With just $65 separating the as-tested prices of the 2008 BMW M3 Sedan and 2008 Mercedes-Benz C63 AMG, these cars match up in price as well as market position. But as with muscle cars of the past, pure performance is the raison d'être of these sedans, so this is what this comparison is all about.

One V8 Is From Venus; the Other Is From Mars
Based on first impressions, you'd be hard-pressed to guess that the 2008 BMW M3's 4.0-liter V8 will spin out 414 hp and run clear to 8,400 rpm before the rev limiter cuts in. It spits hoarsely at idle and its drivability is a bit sticky when it's stone cold.

Once there's some heat in it, BMW's V8 reacts to throttle inputs with crystal-clear response, due in part to the individual throttles for each cylinder. This engine is so free to rev — particularly when the Power mode is selected, which ramps up the effect of the throttle pedal sooner in its travel — that it's almost as if it has no internal inertia at all. Nevertheless, this engine also boasts a surprising tractability that belies its relatively modest peak torque rating of 295 pound-feet.

If a crushing midrange is what you want, look no further than the AMG V8. The 6.2-liter V8 gives the C-Class the irresistible force of an avalanche, no matter whether the tachometer needle is pointing toward 2 or 7. Plant the throttle on the floor and the large-displacement V8's 451 hp and 443 lb-ft of torque will paint two black stripes of rubber on the tarmac through the first three gears. When driven in anger, the C63 is one of those rare cars that feels even quicker than its output suggests.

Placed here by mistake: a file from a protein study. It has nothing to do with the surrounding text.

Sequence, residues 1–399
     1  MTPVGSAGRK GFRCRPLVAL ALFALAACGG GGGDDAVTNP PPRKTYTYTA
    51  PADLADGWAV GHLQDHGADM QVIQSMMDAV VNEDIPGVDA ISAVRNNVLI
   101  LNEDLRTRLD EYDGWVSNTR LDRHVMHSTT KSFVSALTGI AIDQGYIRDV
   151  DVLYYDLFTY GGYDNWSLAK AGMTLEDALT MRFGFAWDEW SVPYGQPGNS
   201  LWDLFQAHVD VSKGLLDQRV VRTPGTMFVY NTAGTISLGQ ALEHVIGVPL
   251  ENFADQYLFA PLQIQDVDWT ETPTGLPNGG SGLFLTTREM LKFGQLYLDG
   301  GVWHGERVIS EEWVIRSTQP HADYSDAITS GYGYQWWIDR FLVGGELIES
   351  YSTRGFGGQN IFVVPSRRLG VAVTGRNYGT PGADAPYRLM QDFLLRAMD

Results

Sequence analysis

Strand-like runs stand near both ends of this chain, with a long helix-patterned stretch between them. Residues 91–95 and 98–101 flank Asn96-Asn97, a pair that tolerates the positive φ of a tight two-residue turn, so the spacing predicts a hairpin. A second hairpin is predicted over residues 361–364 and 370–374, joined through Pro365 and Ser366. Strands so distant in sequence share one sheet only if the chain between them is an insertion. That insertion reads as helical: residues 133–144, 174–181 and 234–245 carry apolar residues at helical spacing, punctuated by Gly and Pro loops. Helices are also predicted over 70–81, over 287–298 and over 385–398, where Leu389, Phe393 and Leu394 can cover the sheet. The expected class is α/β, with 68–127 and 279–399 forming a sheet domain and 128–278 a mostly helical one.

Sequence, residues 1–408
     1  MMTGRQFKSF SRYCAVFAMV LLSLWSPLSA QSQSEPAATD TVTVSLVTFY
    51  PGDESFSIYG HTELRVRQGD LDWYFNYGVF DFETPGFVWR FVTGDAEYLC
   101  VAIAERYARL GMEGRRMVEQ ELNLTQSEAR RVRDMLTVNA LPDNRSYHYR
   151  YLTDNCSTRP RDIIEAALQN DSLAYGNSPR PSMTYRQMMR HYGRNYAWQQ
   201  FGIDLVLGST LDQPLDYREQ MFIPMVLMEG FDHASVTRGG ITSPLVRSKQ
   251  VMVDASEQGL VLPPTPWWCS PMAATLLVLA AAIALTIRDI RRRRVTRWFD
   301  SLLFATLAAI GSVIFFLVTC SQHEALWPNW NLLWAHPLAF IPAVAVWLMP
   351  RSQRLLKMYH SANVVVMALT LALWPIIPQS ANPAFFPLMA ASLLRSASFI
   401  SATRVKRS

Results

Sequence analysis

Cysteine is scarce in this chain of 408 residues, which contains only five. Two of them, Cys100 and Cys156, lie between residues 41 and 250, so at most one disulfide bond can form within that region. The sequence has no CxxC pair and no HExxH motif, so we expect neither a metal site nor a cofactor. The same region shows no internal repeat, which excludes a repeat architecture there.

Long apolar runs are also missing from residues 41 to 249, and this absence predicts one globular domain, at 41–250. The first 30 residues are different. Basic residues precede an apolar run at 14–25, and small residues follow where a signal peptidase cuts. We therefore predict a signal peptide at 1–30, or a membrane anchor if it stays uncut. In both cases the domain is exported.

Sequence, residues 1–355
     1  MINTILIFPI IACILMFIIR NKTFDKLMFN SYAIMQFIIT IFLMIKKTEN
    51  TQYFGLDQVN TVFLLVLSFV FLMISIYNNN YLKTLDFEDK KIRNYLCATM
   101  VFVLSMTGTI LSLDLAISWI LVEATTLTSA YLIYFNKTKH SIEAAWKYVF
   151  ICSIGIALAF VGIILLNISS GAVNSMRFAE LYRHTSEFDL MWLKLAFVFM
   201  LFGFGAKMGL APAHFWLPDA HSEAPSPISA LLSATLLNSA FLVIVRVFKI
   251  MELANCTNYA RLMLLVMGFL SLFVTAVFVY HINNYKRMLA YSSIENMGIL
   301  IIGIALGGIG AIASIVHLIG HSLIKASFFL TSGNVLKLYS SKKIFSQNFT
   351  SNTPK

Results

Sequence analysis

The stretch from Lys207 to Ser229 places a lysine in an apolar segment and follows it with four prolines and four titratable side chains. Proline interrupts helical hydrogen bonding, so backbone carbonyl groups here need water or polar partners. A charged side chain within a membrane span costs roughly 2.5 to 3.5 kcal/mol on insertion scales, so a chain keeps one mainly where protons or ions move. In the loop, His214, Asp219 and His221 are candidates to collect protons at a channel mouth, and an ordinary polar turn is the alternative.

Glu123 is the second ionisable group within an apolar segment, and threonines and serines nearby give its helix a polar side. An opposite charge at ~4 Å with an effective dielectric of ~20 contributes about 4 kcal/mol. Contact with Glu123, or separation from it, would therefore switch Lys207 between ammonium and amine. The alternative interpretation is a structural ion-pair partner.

Upshifts from the C63's seven-speed automatic transmission come readily when in auto mode and the speed just piles on without much interruption. This autobox will even match revs during downshifts, though there's a brief delay when commanding shifts manually from the wheel-mounted shift paddles. The BMW's three-pedal-layout manual transmission neatly sidesteps these compromises, although BMW will offer a seven-speed twin-clutch automated manual gearbox for the M3 later this year that will deliver automatic action.

Both engines do the Jekyll and Hyde thing quite convincingly, and ultimately the biggest difference lies in character. The M3's V8 is as swift and sharp as a katana sword, while the C63's V8 punches like a set of brass knuckles. And whereas the M3 sounds best when it's being caned ruthlessly, the C63 barks like a beast when you simply twist the key and start it.

Running the Numbers